I used a new soil-less method for my recent raised vegetable bed. This is the method I used: Softened the soil by loosening with a fork. Laid soaked cardboard in the diameter of the bed, overlapping each piece. Then covered with a bed of straw, garden compost, wetting each layer. I laid two layers and used peat moss as the last layer, with a finished height of approx 8" and a bed size of 4x6. I planted corn seeds and covered with mesh. The corn is growing, however, the bed is also covered with "grass". What is the best way to get rid of the grass?
I'd be worried that the cardboard will act as a root blocker and the corn won't be able to develop the deep roots it needs.
As for the grass...like any weed, you'd need to pull it out. Corn is a grass too, so unless you planted round-up ready corn, you likely don't want to use any grass poisons (not that you'd want to use poisons on your garden anyways).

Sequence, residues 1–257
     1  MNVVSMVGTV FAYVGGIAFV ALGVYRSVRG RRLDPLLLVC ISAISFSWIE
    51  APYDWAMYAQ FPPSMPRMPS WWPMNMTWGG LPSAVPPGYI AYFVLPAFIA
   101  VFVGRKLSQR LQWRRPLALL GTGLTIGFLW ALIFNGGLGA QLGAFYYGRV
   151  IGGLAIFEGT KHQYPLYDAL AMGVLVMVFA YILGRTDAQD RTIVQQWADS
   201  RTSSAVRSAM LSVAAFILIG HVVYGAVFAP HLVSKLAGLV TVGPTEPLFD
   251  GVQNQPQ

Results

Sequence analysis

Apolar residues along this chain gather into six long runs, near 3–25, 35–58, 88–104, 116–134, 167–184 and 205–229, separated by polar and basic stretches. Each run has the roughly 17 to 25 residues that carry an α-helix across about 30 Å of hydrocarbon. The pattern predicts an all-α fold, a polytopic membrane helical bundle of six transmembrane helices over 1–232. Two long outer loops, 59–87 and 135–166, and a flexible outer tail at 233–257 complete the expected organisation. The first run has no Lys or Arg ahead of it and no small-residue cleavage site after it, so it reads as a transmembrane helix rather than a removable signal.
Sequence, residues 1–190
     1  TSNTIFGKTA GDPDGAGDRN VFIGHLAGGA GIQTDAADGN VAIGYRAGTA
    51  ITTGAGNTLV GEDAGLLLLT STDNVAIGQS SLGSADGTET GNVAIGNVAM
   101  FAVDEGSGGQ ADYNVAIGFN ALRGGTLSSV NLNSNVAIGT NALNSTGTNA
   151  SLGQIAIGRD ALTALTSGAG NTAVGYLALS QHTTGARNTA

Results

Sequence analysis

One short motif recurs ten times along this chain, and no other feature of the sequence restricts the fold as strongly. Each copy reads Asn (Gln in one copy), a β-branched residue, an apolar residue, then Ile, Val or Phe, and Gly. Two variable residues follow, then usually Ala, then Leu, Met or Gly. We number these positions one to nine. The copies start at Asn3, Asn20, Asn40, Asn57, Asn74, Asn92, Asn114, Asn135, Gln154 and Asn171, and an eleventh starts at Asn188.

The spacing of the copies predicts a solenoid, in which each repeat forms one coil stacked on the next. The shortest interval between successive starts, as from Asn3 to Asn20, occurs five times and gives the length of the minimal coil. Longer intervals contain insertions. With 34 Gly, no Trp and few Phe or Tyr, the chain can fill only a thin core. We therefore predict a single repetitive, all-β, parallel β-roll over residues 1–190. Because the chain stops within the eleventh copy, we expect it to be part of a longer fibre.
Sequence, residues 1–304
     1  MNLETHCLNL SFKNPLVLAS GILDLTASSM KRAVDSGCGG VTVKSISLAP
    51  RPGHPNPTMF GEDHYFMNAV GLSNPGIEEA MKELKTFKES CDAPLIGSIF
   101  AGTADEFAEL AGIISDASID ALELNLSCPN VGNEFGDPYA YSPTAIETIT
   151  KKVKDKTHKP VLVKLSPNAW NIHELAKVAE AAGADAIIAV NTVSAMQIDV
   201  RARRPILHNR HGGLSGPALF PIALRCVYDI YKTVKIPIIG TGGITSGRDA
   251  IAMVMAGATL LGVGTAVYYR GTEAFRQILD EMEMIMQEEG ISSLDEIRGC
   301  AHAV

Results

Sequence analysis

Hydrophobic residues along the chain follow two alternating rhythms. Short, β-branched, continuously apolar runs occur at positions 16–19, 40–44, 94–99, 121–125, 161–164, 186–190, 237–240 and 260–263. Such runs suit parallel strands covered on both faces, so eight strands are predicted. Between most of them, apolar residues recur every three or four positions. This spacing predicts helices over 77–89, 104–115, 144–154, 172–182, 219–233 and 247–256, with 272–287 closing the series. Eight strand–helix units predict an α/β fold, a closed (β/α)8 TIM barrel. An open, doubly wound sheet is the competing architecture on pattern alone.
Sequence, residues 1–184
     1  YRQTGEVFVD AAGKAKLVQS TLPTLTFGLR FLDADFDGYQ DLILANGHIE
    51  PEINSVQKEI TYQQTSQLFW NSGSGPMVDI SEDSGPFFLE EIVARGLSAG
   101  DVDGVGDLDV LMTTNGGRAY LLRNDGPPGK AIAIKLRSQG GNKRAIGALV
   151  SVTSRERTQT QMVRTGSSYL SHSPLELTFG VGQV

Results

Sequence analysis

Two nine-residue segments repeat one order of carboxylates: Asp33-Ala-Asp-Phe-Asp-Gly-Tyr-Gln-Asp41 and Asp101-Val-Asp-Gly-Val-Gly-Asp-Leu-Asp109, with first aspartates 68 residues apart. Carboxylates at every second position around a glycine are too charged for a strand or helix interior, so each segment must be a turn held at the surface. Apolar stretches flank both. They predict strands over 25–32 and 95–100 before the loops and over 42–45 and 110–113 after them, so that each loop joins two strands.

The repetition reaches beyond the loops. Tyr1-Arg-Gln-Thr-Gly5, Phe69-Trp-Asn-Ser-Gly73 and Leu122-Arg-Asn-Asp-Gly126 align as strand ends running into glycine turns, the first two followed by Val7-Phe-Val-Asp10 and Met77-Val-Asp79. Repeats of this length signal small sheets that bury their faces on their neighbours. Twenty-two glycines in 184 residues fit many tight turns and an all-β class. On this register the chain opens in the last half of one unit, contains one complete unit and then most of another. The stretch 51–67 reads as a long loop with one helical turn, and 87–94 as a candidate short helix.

Once the grass is pulled out, you can put down a layer of weedblock. I typically stake in kraft paper. You could also use a layer of newspaper.
Sweet corn needs something like 1 foot of soil depth within the first couple weeks of its growth, see here. This requirement goes up to several feet over the lifetime of the corn. I expect your corn will not be able to grow very well in the conditions you described. Perhaps you can puncture your cardboard layer to allow the roots to get at more soil. Pulling weeds is the best approach to getting rid of them.
Is your grass growing from the bed itself, or is it spreading on runners from the edges? And what kind of grass is it?
If you have Bermuda grass, for example, it spreads on runners above ground, as well as below ground roots, so your cardboard wouldn't have worked that well.
There are some herbicides that will kill certain grasses, but not others. I'm not aware of any that specifically say that don't kill corn though.
Applying a thick layer of mulch may help, and also has other benefits, like increased moisture retention. You could lay down newspaper to smother the grass, and then pile wood chips or straw on top of the news paper, to hold in moisture, keep the newspaper from blowing away, and also look nicer.
One thing I'm trying this year is landscaping fabric. You can roll it out on top of your plants, cut holes in it for the plants, and then cover it in mulch. It lets moisture in, but blocks weeds. It also lasts much longer than newspaper or organic mulch, which can be both good and bad. It also costs more than discarded newspaper.